* “You don’t really love that guy you make it with now do you / I know you don’t love him now ’cause I can see right through you”
* “The coach taught me to sing / He couldn’t teach me to love / All the above”
* “Love hurts”
* “Someone like Donald Trump can’t control the way I show love to my brother.”
– Kamasi Washington
We’re on the precipice of another new Kamasi Washington album now, Heaven and Earth, a production theoretically so vast and celestial that fully digesting it takes a significant amount of patience and investment. I guess right now, then, I’m preferring the easy to the difficult in life and in recently watching this Hole performance on Later… with Jools Holland I was practically beaten over the head with a devastating lesson on humanity.
In general, the entity of Courtney Love and Kurt Cobain is a hard thing to handle without encountering a crossfire of virulent opinions, whether in conversation with other people or just in one’s own mind thinking back to it. Love, no doubt, was not somebody particularly well respected to a measurable extent amidst the populace following Nirvana’s demise — Saturday Night Live made fun of her one time for being a junkie, along with it seems pretty much every ardent male music fan bustling out of the woodwork with some serious umbrage against her, a hate so blinding the reasons get obscured by the general principle that COURTNEY LOVE IS A CU**.
So anyway, let’s get the facts straight. Sadly, the two’s romance was hardly speckled with majesty from the start. As Everett True reports in Nirvana: the Biography, Kurt Cobain made the comment in 1991 on live TV that “Courtney Love is the best fu** in the world.” I guess what I’m saying is that given this, it’s easy to see how what transpired likely didn’t IN-spire anybody, in realms of spiritual enlightenment, or anything like that. Maybe Cobain’s wife named herself “Love” as a way of compensating for the lack of a certain something on the inside.
Now, the counterargument to what I’m saying would be that we’re all biological animals, and that no relationship inundation has ever really HELPED any band, in history. In other words, the idea would be that no development of true romantic love could actually enact an artistic emboldening on any musical endeavor, so it doesn’t matter whether they loved each other or not. In this case, it would slightly assuage both parties, particularly Love, who again, I think calls herself that as a sort of unfortunate spiritual sandbagging, in their crimes against humanity.
Hole guitarist Eric Erlandson states in Nirvana that “‘I think Kurt wanted to live out his junkie couple fantasy with her, like Sid and Nancy.’” The author himself though states at one point in the book that “Courtney didn’t turn Kurt on to heroin, though: even Krist Novoselic, a man who has more reason to dislike Courtney than most, will tell you that.’” Actually, from reading the Nirvana biography in general, you get an even darker sense of what Cobain was feeling and encountering in realms of humanity in general: flanking a vivid account of his seething disdain for ignorant radio DJ interviewers is a relation of him becoming just devastated by people themselves, upon his encountering of fame. “A couple of Montesano kids from Kurt’s old school showed up,” the Biography reads, “demanding autographs — something that freaked Kurt out more than anything.” We then get the haunting graphic: “There’s a famous Charles Peterson photograph from that day, of Kurt sitting looking absolutely devastated, head held between his hands, on the brink of tears.”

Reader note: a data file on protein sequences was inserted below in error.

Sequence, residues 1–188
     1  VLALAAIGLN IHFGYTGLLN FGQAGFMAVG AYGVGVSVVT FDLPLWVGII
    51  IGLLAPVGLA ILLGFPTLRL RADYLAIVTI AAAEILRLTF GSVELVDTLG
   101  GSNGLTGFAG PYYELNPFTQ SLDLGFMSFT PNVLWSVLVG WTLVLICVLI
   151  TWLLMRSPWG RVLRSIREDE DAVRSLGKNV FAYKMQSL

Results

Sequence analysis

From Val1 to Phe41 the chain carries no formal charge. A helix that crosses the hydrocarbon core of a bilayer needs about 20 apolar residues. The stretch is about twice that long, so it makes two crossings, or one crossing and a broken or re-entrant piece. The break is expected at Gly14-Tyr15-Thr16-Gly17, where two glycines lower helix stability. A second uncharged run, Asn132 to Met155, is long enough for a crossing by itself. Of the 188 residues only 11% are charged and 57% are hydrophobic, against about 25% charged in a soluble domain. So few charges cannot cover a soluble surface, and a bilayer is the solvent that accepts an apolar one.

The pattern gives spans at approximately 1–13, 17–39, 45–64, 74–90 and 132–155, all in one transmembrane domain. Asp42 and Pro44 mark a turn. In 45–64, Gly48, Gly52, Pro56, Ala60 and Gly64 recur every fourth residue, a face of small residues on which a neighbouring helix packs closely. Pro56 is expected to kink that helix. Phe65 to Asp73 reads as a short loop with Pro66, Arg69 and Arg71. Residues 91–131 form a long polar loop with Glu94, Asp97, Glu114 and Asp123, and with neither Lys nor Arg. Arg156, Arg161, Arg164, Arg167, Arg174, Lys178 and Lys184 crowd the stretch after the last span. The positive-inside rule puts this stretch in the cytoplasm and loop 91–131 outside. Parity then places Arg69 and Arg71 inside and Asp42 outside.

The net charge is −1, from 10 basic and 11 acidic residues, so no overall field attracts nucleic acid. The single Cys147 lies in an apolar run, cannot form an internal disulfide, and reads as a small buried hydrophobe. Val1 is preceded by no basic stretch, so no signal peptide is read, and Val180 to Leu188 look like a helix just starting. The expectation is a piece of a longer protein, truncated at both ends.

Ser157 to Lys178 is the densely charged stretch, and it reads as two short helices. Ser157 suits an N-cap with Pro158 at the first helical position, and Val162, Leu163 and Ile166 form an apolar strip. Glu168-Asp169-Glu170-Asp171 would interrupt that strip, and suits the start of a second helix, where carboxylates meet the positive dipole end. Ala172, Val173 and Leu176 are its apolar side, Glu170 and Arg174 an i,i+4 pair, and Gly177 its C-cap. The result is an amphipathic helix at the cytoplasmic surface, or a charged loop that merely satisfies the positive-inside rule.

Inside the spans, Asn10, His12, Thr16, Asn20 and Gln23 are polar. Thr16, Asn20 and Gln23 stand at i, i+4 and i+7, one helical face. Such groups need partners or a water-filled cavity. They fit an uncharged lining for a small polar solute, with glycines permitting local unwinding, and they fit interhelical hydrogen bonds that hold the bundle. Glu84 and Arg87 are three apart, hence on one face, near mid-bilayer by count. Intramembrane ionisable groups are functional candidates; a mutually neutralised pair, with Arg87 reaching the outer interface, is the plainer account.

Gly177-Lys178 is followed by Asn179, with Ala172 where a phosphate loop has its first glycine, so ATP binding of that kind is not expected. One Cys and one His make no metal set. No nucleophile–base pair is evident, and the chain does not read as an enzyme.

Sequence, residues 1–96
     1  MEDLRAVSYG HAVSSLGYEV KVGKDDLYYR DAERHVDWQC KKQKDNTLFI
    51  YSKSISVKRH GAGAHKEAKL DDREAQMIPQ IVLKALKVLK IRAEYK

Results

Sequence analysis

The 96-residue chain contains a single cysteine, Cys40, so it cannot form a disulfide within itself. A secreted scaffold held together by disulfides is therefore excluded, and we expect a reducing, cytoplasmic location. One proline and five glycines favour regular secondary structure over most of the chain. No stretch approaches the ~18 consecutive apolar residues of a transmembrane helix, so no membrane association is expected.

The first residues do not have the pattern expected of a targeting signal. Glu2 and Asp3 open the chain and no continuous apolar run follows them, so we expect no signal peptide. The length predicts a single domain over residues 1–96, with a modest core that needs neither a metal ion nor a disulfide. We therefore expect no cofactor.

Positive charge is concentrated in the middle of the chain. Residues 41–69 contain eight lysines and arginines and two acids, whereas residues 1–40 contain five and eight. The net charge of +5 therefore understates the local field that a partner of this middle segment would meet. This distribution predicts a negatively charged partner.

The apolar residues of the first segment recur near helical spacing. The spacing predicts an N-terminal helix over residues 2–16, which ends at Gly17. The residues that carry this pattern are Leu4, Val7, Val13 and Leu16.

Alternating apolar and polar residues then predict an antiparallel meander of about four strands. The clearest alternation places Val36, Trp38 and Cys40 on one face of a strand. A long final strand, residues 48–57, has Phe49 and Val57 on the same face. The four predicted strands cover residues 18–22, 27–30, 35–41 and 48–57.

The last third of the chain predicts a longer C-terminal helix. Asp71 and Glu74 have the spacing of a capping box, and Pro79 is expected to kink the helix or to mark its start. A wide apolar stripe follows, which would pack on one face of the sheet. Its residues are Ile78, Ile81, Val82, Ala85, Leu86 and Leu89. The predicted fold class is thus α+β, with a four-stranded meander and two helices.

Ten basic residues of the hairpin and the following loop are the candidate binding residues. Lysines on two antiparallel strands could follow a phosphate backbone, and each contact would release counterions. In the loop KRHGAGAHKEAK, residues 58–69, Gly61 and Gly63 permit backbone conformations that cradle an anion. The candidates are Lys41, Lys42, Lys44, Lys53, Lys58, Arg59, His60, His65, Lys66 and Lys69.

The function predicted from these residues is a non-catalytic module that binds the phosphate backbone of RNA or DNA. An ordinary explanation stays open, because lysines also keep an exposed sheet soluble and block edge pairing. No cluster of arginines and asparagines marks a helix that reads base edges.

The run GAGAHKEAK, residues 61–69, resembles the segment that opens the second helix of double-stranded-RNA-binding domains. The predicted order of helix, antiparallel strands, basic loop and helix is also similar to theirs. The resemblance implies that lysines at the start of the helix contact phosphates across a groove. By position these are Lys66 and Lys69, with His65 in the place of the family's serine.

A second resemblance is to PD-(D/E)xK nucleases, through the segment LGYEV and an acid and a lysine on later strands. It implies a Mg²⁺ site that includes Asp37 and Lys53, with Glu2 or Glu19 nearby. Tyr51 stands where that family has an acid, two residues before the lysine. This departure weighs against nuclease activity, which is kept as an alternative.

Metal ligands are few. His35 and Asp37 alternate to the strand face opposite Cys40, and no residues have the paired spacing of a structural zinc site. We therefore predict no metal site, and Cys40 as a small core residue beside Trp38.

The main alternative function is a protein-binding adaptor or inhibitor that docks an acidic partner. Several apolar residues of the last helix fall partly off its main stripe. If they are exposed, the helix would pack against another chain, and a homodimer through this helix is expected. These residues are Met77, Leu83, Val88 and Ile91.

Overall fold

The truth is, we don’t really KNOW why these “Montesano kids” bothered him so much — whether it was a girl who maybe demanded his signature but still paid no real affection to him, or if it was a guy with just still a frustrated, sycophantic look in his eye wanting a taste of his glory. Either way, in the vein of the whole “fame driving people crazy thing,” one thing this proves is that it’s not just the “big shots” — it’s the exposure to the human nature of everyday people that can really debilitate someone’s psyche and morale on this level, causing them to “withdraw,” as Novoselic claims Cobain did after the achievement of fame.
Framing Courtney Love against this backdrop, we at another point in Nirvana: the Biography get wind from Northwest musician Ian Dickson that “‘Courtney adopted a lot of her agenda and used it to become famous.’” Hole’s one song (which really sucks) is called “Doll Parts” and it’s obviously supposed to be an ironic perspective of society itself, which attempts allegedly to objectify women and quantify their bodily attributes, but at the same time, she did publish a journals book with her bare a** on it, called Dirty Blonde (a book that was in no way interesting, much like Hole’s music itself) . The most distressing thing to me about Hole’s performance of “Doll Parts” on Later… with Jools Holland is that it is, within 1995, in the direct wake of her husband’s death, yet the song comes from while he’s still alive (the album Live through This literally came out within one week of the singer’s suicide). So in other words, his death caused zero artistic sea change in her: it’s like nothing at all happened, she’s still trolling through this desultory song about how society is supposedly so evil, whining as if somebody made her get up on the mic and sing.
 The one exception to this is the catchy and climactic album Celebrity Skin — I have a theory that she bought these songs from somebody, seeing as her band hasn’t done anything good before or since.